Working with children, young people and families, Red Cross builds on the strengths of people and their communities.
Red Cross works with communities where many factors create cycles of increased vulnerability and fewer opportunities. Our award-winning programs for children, young people and families, such as save-a-mate and Good Start Breakfast Club, provide early intervention and harm minimisation responses for people and communities experiencing disadvantage.
This year, Good Start Breakfast Club volunteers provided a healthy breakfast to more than 4,500 children in 216 clubs across Australia, and Sanitarium has supported this program for more than 10 years. Communities around the country embraced long-term change around access to healthy food, through education and workshops run on food budgeting and cooking skills. Other initiatives such as school and community gardens also improved affordable access to healthy food. Volunteers and staff worked alongside community members and organisations to strengthen their ability to identify and build local solutions that support healthy and sustainable ways of living.
Mates Henri and Alin look out for each other at festivals through the save-a-mate (SAM) program. The program was awarded the inaugural International Federation of Red Cross and Red Crescent Societies (IFRC) International Volunteering Award for its superior volunteer management in urban environments. The save-a-mate Festival and Events program was also highly commended in the 2013 National Drug and Alcohol Awards in the category of Excellence in Services for Young People. Australian Red Cross/Rodney Dekker.
Young people save their mates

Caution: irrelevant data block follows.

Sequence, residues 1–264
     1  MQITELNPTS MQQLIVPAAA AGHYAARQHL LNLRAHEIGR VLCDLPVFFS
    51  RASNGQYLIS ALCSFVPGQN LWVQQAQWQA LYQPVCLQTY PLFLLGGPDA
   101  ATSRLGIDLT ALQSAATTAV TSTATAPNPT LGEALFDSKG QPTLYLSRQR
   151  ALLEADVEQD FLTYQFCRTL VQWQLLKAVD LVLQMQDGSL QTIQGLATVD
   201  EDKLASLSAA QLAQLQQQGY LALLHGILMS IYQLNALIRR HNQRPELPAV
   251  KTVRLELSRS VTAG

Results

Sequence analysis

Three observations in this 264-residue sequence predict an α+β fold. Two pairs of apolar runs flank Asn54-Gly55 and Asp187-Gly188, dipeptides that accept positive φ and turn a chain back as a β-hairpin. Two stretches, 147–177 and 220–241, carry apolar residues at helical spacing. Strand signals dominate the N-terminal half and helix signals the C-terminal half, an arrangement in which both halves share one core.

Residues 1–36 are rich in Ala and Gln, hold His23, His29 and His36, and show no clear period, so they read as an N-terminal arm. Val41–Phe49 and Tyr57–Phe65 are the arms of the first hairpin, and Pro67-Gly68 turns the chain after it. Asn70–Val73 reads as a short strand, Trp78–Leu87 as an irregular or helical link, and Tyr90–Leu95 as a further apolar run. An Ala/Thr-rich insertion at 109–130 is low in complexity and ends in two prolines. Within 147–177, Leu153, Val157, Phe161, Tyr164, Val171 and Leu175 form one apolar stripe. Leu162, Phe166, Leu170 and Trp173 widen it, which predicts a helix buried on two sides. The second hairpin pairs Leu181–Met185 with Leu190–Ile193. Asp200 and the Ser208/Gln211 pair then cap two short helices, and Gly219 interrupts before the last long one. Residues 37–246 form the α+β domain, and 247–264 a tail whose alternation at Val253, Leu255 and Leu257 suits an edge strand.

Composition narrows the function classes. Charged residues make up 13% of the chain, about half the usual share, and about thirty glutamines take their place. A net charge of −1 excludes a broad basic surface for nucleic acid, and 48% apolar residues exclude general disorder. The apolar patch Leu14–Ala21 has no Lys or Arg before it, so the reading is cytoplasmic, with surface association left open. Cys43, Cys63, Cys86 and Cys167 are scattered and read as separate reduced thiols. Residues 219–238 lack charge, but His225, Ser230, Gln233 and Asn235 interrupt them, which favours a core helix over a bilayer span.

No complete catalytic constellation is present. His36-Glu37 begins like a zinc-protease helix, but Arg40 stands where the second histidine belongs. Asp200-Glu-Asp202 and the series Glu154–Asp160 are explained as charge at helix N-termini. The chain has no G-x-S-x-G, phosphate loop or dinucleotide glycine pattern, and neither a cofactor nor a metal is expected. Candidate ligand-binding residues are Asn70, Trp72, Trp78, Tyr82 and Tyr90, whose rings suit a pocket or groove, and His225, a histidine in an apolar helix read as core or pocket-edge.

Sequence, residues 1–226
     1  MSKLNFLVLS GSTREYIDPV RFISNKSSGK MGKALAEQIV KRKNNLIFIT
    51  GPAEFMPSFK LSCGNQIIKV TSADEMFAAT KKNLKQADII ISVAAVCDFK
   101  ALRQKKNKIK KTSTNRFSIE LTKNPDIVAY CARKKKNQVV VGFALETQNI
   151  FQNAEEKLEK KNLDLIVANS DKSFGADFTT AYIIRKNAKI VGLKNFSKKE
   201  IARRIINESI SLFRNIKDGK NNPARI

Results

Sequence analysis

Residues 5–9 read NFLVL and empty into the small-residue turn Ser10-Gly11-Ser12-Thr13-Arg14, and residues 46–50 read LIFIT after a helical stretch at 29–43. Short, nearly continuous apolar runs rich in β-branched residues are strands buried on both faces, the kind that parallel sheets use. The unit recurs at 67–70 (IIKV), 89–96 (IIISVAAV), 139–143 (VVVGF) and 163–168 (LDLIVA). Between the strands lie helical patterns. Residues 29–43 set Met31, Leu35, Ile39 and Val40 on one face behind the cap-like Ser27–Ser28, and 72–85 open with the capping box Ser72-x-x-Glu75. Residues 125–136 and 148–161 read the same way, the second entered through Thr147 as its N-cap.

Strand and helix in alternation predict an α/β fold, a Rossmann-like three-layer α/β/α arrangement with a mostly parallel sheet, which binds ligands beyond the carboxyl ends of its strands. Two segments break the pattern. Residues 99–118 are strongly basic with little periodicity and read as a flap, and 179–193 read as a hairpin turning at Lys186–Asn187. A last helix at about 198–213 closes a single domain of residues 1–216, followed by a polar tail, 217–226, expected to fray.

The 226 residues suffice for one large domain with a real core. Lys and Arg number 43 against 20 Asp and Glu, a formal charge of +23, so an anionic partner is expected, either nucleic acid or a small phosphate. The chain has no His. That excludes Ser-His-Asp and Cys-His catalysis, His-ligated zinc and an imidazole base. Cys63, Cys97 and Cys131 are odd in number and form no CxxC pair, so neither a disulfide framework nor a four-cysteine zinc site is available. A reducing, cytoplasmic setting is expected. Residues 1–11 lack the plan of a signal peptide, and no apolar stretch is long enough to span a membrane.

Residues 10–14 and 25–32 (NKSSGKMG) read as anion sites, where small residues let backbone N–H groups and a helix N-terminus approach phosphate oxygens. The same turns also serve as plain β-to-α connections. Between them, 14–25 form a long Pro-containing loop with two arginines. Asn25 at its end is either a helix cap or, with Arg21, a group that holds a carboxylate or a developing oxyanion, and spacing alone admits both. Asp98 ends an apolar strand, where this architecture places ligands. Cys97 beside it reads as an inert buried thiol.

The national save-a-mate program effectively provides harm minimisation education and harm prevention training, according to an external evaluation carried out by the independent Burnet Institute.
The evaluation found that the program occupies a unique and important space in the Australian alcohol and other drug prevention field. Run by dedicated and enthusiastic staff members, the program provides an important service by enhancing the capacity of vulnerable young people to respond to alcohol and other drug-related emergencies.
Amelia* sees a bright future ahead for her young family, after being helped by Red Cross with parenting skills and a rich variety of support groups and education sessions. Red Cross also provides avenues to other services like housing and independent living skills. *Name changed to protect privacy. Australian Red Cross/Dilini Perera.
Healthy communities are a winner
The Eat Smart Shop Smart project won an Award for Outstanding Achievement in Partnerships to Improve Health Outcomes, presented by the ACT Government. The focus of the training is healthy eating on a budget and is provided to groups of community workers who support vulnerable people. The award recognises programs and projects that demonstrate outstanding leadership and outcomes across organisations and/or with the private and public sectors to improve health in the ACT community.
Better days for youth
A study in South Australia’s Step Out program reported that getting back on track has been made easier, better and more likely for most young participants. Step Out assists young people to develop plans for their lives and to access a range of services so they have the ability to ‘step out’ of reoffending and integrate back into their community. The independent evaluation was conducted by Professor Mark Halsey in 2012 and found that through the program, participants improved their capacity for decision making and planning for their future.